Cabinet nod for land acquisition, rehab Bill
The bill, which was fast-tracked in the backdrop of a number of agitations in parts of the country, will be introduced in Parliament on Wednesday, a senior minister said after the Cabinet meeting chaired by Prime Minister Manmohan Singh.
The Land Acquisition, Relief and Rehabilitation Bill, 2011 is believed to have a proposal for compensation four times higher than market rate to the owners.
It also proposes government help for acquisition of 20 per cent of the land for a private project in case the firm acquires 80 per cent of the land needed for a project.
The bill proposals include a subsistence allowance of 3,000 per family per month for a year and an annuity of 2,000 per family per month for 20 years.
The bill also includes employment provisions.
The Bill was discussed threadbare at the Cabinet at a meeting that lasted over 90 minutes.
It is learnt that former Chief Ministers in the Union Cabinet including Veerappa Moily, Vilasrao Deshmukh, Virbhadra Singh had strong views on certain aspects of the Bill and favoured that the same may be ironed out in the Standing Committee.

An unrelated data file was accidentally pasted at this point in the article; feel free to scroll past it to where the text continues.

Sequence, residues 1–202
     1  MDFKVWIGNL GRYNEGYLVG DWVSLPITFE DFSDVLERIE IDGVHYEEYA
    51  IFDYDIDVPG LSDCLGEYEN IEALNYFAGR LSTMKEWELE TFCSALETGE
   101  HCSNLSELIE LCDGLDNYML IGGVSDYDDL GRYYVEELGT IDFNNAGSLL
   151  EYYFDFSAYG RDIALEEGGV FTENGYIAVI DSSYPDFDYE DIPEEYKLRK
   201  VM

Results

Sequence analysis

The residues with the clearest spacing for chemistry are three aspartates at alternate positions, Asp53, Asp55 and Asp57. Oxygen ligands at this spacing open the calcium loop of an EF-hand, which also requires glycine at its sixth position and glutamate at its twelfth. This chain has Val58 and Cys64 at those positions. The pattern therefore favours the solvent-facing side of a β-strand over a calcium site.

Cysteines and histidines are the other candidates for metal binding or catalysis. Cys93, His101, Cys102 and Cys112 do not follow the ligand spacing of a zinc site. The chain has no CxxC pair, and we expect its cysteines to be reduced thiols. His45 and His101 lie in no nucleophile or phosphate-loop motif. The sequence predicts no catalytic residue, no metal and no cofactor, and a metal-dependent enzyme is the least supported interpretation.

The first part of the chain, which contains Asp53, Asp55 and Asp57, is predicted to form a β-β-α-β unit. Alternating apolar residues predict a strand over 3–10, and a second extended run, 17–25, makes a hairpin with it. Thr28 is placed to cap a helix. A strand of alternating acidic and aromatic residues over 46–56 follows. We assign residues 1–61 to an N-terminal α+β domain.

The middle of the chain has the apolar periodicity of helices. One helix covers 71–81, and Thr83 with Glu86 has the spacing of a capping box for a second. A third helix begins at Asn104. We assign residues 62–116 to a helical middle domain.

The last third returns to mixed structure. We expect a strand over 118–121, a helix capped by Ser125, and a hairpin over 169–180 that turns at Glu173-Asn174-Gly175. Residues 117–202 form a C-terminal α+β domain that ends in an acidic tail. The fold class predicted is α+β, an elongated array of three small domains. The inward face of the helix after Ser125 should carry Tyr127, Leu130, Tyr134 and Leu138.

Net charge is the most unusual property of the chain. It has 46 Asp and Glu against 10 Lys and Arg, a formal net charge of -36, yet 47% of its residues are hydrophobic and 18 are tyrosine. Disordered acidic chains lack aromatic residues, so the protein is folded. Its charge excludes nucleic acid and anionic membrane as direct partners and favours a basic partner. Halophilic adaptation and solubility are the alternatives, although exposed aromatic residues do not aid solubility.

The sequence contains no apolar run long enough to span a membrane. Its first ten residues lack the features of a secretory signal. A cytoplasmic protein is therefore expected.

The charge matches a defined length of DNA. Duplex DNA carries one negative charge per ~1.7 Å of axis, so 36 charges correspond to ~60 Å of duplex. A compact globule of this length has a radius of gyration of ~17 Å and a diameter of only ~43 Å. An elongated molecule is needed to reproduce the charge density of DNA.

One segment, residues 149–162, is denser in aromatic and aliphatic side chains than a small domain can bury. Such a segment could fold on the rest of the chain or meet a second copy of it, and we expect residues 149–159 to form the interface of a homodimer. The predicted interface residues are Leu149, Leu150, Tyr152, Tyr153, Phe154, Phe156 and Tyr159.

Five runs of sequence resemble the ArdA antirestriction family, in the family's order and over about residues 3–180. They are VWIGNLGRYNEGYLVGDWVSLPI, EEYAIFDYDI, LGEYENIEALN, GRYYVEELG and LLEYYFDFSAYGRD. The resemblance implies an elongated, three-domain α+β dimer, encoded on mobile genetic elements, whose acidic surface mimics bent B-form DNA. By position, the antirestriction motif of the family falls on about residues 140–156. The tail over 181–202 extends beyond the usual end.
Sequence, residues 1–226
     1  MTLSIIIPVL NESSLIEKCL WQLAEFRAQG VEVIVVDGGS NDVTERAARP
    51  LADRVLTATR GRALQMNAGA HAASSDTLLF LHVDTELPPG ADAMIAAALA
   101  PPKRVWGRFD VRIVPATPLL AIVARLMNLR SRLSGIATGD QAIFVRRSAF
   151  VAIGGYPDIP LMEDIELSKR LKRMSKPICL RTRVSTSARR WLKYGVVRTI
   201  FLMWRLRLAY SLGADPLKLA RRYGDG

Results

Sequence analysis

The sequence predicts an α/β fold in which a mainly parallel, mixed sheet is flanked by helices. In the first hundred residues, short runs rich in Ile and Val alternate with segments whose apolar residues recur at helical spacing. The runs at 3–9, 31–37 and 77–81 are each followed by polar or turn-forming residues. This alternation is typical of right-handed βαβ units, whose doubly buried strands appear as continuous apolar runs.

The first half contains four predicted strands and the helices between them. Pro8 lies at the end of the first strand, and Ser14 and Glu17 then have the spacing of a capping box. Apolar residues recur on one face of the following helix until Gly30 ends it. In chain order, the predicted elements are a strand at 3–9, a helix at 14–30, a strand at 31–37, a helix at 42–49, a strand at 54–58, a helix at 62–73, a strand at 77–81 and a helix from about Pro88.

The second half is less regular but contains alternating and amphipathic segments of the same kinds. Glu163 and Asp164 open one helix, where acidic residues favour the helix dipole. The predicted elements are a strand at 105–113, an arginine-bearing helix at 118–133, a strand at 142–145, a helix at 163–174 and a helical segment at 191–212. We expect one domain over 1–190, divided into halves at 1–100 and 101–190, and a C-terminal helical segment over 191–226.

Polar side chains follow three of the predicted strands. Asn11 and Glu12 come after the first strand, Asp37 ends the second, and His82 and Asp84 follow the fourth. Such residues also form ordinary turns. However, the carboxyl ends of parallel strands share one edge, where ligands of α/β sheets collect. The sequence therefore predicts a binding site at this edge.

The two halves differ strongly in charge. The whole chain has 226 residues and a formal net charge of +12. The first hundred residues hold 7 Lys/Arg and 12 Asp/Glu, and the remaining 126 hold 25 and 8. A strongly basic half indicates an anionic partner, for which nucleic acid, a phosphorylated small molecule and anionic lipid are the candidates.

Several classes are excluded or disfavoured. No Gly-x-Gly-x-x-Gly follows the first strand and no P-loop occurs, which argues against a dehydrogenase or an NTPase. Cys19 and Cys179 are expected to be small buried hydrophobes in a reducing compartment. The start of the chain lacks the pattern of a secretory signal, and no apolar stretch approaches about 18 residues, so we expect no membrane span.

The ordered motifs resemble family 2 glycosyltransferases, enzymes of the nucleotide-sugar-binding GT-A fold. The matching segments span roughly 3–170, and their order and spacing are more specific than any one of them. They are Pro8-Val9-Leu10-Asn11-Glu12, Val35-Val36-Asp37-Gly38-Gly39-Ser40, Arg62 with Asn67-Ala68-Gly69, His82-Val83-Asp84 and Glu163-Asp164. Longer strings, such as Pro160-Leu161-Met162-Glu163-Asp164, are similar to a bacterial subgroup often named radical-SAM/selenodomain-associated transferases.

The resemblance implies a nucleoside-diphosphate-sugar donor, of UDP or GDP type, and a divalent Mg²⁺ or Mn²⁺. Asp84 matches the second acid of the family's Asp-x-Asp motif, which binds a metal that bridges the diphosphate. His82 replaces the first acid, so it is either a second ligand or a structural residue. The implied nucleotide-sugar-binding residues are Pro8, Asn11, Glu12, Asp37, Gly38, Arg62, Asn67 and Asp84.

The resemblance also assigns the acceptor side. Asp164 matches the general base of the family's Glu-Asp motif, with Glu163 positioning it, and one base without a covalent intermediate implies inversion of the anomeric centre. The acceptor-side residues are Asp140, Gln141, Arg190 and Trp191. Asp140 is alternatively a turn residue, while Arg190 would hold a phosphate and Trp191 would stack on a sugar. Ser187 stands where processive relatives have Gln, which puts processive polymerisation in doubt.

With the aim of seeking support for the bill from Cabinet colleagues, Ramesh had met his senior Cabinet colleagues including Pranab Mukherjee, Moily, Ambika Soni, Sharad Pawar, A K Antony, P Chidambaram, Kishore Chandra Deo and Kapil Sibal.
The bill also proposes granting "livelihood compensation" for displaced persons who do not own the land but are dependent on its produce for livelihood.
It also states that the public purpose once stated cannot be changed.
The bill was cleared by the cabinet after it was decided that the states will be free to have their own laws on land acquisition.
The bill comes at a time when farmers across many states have been at warpath with the government over this contentious issue.
The Bill approved this evening retains certain aspects suggested by the Sonia Gandhi-led National Advisory Council like having a single Bill for land acquisition and rehabilitation and resettlement.
The NAC had recommended six times the registered value of the land as compensation. This included tripling the registered sale price of the land and adding 100 per cent solatium.
The bill comes at a time when farmers across many states have been at loggerheads with the government over this contentious issue.